Column: Minnesotans lose trust in governmentMINNEAPOLIS — There is a deeper issue behind the current government shutdown, and it is not what the general public thinks. As Minnesotans fear for their jobs and families, we see tensions rising and trust plummeting. People are steadily losing confidence in our government. We are in a crisis. And our biggest crisis is not the financial one. We are in a trust crisis, and people are slow to realize the bottom line implications.
By: David Horsager, Worthington Daily Globe
MINNEAPOLIS — There is a deeper issue behind the current government shutdown, and it is not what the general public thinks. As Minnesotans fear for their jobs and families, we see tensions rising and trust plummeting. People are steadily losing confidence in our government.
We are in a crisis. And our biggest crisis is not the financial one. We are in a trust crisis, and people are slow to realize the bottom line implications.
On Aug. 1, 2007, the 35W Bridge collapsed causing chaos and 13 fatalities. We began to wonder if we could trust the Minnesota Department of Transportation. We learned that there had been cracks in the gussets for years and no one had been doing anything about it. When tragedy struck, a commitment had to be made.
Whether it’s the 35W Bridge or the Minnesota legislature, trust is the issue. Trust has always been foundational to genuine success of any kind.
However, it has not been labeled as such. People seldom talk about trust as a competency to learn and practice. That is changing. Almost overnight, trust found its way into the public limelight specifically because it has been so hard to find. From massive fraud in business to scandals in politics and athletics, the headlines point to a persistent problem of modern life and business — we’re lacking in trust.
Why do Americans struggle with trusting anyone including the government, corporate America, and even religious entities? It is because we continue to be let down, lied to and misled by leaders around us. There is low accountability and barriers in the process which cause stress, frustration, and in turn, a lack of trust.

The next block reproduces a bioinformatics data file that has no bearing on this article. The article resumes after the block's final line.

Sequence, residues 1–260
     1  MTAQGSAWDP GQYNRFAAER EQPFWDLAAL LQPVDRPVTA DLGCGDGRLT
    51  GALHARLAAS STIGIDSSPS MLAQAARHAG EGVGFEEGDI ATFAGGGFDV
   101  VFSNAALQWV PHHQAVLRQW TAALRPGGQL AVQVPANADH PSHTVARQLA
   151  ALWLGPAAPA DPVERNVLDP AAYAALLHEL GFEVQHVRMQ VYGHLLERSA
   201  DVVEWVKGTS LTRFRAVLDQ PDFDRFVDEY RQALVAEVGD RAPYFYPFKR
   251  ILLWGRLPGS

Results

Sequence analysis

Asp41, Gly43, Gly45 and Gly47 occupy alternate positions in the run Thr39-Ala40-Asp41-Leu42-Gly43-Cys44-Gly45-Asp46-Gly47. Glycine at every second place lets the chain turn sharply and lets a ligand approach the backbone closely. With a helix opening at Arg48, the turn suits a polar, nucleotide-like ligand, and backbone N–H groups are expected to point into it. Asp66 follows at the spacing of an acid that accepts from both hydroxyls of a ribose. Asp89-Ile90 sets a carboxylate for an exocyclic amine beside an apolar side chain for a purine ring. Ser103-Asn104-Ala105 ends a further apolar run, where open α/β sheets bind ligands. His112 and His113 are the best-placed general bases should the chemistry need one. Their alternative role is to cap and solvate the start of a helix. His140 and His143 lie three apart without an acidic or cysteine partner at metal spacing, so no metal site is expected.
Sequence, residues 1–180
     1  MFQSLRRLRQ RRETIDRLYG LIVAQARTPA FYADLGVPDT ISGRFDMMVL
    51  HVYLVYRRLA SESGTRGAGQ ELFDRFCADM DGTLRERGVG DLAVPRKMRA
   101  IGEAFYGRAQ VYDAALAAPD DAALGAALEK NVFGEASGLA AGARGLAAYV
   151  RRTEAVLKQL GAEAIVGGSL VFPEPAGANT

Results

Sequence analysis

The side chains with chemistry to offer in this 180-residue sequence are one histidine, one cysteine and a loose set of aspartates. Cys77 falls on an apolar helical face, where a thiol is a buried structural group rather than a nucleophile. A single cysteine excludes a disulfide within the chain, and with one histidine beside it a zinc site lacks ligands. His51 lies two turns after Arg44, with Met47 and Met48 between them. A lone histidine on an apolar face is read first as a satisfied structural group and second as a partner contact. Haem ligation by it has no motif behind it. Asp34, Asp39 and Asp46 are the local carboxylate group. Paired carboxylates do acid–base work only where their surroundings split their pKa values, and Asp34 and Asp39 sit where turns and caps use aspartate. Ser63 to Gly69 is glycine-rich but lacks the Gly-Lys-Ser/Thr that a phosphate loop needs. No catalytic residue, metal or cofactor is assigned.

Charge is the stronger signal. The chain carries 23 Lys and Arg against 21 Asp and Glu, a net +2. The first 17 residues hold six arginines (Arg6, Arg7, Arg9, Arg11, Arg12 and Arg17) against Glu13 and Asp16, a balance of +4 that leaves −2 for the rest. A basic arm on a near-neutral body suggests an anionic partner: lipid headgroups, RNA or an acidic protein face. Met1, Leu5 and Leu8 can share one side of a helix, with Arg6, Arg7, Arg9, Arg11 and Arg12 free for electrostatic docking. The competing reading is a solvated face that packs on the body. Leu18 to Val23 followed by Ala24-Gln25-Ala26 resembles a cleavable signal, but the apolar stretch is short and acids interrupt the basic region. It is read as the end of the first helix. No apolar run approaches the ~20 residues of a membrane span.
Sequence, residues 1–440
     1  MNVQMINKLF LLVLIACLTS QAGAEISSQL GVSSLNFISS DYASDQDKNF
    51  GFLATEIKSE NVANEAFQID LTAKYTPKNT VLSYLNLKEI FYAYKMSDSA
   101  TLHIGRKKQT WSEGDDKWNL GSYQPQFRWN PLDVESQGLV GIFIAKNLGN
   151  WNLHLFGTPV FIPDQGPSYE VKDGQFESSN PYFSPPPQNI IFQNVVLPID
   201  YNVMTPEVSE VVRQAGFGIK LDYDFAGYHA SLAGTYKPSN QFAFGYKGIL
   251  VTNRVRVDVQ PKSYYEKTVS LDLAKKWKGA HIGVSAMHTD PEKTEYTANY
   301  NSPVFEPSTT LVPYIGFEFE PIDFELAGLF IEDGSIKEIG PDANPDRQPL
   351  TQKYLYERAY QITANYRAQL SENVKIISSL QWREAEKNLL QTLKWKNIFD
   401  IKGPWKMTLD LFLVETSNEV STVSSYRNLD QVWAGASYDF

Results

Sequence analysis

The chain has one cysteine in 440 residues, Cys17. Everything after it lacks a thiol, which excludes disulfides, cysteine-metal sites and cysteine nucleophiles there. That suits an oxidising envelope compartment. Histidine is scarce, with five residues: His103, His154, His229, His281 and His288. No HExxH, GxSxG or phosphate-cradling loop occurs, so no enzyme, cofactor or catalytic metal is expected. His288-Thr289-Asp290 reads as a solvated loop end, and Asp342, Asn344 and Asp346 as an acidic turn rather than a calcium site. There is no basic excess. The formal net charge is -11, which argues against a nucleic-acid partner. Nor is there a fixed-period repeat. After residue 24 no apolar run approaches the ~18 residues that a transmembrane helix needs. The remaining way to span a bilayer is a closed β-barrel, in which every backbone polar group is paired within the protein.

Meanwhile, the world is “flattening” in many respects. Cultures are meeting and expanding in ways that weren’t possible even a decade ago.
But globalization isn’t a free ride. Joining the mega-mergers and open markets are new suspicions and misunderstandings. We can reach across borders, but we don’t know how to be trusted by the people we find on the other side. In the 21st century, trust has become the world’s most precious resource.
Trust has the ability to accelerate or destroy any relationship, business or industry. The lower the trust, the more time everything takes, the more everything costs, and the lower the loyalty of everyone involved. However, greater trust brings superior innovation, creativity, freedom, morale and productivity.
Little by little, the Minnesota Department of Transportation has regained our trust because of efficiency, speed, and extensive and consistent communication with the public. Though we remember the tragedy, our trust has been restored because of their promise and their delivery on that promise.
If the Minnesota legislature plans to regain trust with their constituents, they must have a goal that is clearly defined and communicated. There needs to be a commitment to doing something different.
Only when promises are kept can trust be built. Rebuilding trust must be the Minnesota government’s main priority.
David Horsager is a St. Paul-based business strategist, professor, keynote speaker and author of the upcoming book, “The Trust Edge: How Top Leaders Gain Faster Results, Deeper Relationships, and a Stronger Bottom Line” (Summerside Press, Sept. 2011). Go to www.DavidHorsager.com.